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Morning tip: Can Humphries evolve into stretch 4? He's trying

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Morning tip: Can Humphries evolve into stretch 4? He's trying

For Kris Humphries to retain his minutes in the future with the Wizards, he realizes where he has to expand his game in the same way Drew Gooden re-invented himself by becoming a three-point shooter.

"I never really worked on shooting threes and stuff. I started working on it this year," said Humphries, a power forward who has a mid-range game and doesn't play much with his back to the basket on offense. "I had a lot of success in the last month (practicing) or so I really working on it every day, continue to work on it next year, add to my game."

Humphries has made just two in his career and those game as a rookie in 2004-05. He was 0-for-7 in his first season in Washington. After the Wizards' season ended in an Eastern Conference semifinals loss to the Atlanta Hawks, coach Randy Wittman insisted that playing smaller and faster, meaning using more stretch shooters such as Gooden and Paul Pierce (if he returns) at Humphries' spot, is imperative to be a championship team. 

"I never really got up the attempts or really put the focus on it. Maybe the way this team has been playing I will," Humphries said. "It's only a couple feet difference from where I shoot it really well right now."

While Humphries is a solid rebounder, the spacing on the floor changed for the Wizards after their 31-15 start. The mid-range game didn't work as well and opponents took it away. When they flourished in the playoffs, dealing with the small-ball lineups of the Toronto Raptors and Atlanta that shredded them during the regular season, the Wizards went with Gooden as the backup to Nene. It changed both series and made the Wizards competitive against the No. 1 seed Hawks despite losing John Wall for three games with a broken left wrist.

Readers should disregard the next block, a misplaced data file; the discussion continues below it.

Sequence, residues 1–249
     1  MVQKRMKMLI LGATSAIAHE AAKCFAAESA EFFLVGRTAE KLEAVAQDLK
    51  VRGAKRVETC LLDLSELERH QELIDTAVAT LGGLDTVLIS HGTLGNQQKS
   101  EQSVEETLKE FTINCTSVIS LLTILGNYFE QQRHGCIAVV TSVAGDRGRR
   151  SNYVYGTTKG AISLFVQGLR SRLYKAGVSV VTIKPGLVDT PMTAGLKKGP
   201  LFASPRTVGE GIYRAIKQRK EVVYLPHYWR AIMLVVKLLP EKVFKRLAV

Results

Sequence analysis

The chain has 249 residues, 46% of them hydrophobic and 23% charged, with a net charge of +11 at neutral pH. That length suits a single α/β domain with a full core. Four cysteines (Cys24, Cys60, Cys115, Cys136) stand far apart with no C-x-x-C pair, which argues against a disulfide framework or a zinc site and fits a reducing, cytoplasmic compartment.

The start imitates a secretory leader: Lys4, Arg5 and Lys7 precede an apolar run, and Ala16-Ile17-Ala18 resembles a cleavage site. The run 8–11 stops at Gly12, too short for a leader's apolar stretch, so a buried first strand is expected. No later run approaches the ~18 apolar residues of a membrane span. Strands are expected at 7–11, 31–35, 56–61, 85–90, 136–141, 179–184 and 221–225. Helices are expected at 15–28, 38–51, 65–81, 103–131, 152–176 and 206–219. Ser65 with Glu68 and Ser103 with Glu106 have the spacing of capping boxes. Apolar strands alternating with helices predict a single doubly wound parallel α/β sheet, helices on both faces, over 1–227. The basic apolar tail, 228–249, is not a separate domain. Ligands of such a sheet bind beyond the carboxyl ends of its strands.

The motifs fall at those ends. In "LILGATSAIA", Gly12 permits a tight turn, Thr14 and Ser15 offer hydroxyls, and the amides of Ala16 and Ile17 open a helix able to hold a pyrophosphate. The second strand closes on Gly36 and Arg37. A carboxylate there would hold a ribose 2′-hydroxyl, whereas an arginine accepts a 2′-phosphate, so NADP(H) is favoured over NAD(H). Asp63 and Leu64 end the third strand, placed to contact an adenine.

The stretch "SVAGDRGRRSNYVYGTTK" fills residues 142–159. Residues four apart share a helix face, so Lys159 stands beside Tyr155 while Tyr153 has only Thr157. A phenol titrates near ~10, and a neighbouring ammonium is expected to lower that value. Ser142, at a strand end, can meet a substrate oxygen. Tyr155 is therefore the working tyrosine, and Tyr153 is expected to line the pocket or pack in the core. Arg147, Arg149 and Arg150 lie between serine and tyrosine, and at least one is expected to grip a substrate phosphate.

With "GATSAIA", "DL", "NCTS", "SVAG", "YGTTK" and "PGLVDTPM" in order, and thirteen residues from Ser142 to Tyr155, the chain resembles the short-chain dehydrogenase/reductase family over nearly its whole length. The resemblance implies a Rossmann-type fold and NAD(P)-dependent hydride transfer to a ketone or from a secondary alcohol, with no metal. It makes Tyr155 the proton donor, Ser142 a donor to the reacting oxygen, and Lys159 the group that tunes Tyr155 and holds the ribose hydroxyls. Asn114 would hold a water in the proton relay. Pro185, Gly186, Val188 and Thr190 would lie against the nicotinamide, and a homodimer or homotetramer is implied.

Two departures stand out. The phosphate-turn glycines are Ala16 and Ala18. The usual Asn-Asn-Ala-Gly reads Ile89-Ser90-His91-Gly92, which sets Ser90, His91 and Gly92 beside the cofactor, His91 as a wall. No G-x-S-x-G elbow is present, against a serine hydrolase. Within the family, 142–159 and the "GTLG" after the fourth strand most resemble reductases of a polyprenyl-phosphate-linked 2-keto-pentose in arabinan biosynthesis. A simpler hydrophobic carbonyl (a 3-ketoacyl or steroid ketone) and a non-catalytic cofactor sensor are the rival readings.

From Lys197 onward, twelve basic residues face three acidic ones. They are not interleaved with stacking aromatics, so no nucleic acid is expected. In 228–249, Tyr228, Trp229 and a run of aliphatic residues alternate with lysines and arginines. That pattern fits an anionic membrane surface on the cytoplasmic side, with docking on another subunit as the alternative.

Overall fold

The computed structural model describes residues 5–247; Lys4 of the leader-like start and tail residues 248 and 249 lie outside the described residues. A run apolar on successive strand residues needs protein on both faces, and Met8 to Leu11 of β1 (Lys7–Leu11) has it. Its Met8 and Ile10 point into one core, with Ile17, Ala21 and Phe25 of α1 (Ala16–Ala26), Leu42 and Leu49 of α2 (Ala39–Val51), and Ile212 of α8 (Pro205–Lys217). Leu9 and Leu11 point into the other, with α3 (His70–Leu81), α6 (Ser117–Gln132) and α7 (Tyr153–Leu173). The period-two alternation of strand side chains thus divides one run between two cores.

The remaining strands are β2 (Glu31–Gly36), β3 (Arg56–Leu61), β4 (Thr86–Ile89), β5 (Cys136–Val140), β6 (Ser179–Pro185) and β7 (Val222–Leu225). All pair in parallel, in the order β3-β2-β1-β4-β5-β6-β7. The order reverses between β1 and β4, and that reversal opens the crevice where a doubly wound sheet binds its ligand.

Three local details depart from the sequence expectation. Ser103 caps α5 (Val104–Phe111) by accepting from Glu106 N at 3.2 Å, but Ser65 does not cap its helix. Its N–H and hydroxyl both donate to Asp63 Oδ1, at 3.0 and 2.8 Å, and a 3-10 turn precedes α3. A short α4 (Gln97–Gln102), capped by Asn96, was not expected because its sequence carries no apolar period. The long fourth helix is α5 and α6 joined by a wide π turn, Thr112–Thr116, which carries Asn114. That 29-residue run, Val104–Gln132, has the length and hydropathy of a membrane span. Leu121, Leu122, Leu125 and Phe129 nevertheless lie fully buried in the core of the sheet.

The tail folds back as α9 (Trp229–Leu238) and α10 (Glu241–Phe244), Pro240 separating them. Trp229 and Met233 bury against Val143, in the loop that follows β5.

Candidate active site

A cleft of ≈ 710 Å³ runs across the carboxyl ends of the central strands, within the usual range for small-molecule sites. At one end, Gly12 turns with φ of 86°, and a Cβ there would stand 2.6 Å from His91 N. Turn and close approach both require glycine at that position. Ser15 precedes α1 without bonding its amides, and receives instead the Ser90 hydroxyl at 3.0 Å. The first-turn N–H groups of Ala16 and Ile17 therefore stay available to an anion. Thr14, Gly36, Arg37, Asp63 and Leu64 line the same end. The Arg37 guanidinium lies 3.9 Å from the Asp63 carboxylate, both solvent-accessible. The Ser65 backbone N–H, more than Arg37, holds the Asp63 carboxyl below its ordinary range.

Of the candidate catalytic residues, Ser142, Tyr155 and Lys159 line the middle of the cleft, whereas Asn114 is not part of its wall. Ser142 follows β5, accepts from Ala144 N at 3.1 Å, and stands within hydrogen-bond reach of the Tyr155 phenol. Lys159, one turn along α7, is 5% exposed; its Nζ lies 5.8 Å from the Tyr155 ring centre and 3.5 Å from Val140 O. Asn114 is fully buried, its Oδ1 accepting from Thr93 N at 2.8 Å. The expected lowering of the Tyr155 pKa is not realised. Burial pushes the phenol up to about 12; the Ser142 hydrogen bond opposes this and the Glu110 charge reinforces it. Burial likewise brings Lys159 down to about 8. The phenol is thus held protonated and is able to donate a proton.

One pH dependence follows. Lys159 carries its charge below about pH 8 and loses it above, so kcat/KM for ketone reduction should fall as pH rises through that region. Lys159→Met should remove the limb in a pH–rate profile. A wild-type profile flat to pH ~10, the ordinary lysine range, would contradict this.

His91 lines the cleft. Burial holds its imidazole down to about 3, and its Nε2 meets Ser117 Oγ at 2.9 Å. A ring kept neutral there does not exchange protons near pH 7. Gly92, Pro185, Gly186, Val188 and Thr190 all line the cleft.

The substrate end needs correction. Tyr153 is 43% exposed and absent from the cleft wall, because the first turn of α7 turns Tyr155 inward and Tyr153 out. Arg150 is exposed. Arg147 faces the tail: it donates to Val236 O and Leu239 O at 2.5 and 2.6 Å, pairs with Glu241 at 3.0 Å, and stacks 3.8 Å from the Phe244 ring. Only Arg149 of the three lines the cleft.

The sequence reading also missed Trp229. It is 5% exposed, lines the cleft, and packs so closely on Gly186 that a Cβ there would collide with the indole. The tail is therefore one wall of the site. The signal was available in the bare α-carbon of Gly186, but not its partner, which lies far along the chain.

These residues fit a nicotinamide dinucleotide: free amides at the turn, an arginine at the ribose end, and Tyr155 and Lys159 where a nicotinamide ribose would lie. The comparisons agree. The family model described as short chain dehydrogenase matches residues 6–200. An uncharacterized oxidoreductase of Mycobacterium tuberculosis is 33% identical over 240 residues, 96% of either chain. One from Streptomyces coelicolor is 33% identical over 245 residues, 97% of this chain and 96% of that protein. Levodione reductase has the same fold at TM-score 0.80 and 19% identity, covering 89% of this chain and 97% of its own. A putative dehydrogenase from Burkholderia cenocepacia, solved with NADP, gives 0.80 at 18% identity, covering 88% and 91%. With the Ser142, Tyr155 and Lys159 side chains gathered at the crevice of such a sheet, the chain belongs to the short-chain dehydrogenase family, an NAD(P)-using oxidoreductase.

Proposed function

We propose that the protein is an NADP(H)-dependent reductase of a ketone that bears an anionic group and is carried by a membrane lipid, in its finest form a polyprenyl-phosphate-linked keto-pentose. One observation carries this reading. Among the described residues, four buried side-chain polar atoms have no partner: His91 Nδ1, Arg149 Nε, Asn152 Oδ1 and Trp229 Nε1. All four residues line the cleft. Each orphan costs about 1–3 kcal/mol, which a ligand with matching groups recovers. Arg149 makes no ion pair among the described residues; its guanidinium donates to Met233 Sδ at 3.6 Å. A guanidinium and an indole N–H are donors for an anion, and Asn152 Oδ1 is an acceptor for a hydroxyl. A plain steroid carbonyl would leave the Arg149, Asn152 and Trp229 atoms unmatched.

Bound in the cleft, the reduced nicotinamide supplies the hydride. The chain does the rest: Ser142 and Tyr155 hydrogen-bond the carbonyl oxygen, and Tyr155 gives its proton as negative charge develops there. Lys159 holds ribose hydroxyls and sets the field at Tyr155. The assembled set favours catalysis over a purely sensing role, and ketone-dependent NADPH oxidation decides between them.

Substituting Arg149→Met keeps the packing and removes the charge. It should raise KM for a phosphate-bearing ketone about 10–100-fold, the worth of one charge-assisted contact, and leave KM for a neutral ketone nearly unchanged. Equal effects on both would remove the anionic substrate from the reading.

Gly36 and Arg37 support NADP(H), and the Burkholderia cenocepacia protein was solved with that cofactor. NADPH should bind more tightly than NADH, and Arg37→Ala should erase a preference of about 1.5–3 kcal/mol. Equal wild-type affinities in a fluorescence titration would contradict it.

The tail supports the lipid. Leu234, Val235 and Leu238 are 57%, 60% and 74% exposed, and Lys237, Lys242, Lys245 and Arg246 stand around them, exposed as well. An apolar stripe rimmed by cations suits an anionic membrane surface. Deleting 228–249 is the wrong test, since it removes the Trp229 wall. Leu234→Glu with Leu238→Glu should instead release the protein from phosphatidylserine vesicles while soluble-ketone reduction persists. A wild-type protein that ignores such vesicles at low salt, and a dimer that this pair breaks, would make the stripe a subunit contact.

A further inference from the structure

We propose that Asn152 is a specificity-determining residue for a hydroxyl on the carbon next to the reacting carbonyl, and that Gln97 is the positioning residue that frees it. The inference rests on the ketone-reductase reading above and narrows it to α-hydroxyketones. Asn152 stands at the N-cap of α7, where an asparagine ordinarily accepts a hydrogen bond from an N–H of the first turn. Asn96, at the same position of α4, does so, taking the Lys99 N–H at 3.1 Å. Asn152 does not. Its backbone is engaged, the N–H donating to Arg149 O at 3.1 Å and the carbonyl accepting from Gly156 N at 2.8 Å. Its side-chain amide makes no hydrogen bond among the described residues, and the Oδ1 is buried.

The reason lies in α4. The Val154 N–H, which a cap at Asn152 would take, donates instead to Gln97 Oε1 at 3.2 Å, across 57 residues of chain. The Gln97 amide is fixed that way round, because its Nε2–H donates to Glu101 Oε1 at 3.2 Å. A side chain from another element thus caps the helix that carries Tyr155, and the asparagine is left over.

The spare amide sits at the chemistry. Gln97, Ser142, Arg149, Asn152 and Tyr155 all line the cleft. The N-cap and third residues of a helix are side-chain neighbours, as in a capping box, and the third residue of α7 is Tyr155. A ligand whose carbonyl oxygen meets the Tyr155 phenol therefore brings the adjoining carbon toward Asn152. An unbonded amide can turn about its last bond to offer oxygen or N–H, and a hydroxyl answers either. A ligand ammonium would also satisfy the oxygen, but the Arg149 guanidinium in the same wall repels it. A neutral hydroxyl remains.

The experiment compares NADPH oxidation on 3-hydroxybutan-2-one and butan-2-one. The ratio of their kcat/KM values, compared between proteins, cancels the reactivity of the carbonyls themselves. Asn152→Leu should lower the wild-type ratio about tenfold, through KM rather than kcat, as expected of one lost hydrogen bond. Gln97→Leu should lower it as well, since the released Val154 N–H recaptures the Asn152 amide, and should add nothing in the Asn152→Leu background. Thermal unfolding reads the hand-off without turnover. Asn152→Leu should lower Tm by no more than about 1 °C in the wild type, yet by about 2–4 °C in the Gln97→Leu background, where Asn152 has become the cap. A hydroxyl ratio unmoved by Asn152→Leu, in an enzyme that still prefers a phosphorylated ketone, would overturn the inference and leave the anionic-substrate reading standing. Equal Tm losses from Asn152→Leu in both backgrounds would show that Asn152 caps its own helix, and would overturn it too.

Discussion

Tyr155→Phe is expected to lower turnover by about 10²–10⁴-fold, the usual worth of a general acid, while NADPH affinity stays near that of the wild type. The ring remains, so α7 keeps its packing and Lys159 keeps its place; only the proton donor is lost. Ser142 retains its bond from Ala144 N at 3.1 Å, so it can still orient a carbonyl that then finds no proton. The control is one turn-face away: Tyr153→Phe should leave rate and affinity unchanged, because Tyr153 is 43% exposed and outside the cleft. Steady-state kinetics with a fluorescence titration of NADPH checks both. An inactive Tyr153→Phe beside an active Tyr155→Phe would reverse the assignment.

Humphries had missed 17 games late in the season because of a left groin strain and despite getting minutes initially to play his way back in the rotation he couldn't. Conditioning was an issue, too.

"It didn't help," said Humphries, who averaged 8.0 points and 6.5 rebounds in 64 appearances. "I can tell you that much. It's one of those things you just sit back and think about. It's tough to see things that you can do to help and not be out there. It's a game. You got to support your teammates."

The Wizards were so successful in sweeping Toronto, who'd beaten them in all three regular-season games, they stuck with Gooden as the rotations tightened as expected. More of the offense ran through Marcin Gortat with pick-and-rolls with Wall while Nene focused on rebounding and doing more of the dirty work. 

But the series with Atlanta changed in Game 5 when Al Horford's buzzer-beating putback gave them a 3-2 edge. He stormed in to snag the offensive rebound from Nene who shouldered much of the blame. Nene, however, followed the ball into the paint on a drive by Dennis Schroder and had to seal Paul Millsap, who had gotten inside of Pierce for rebounding position. Horford had an unobstructed run at full-speed to recoup Schroder's miss.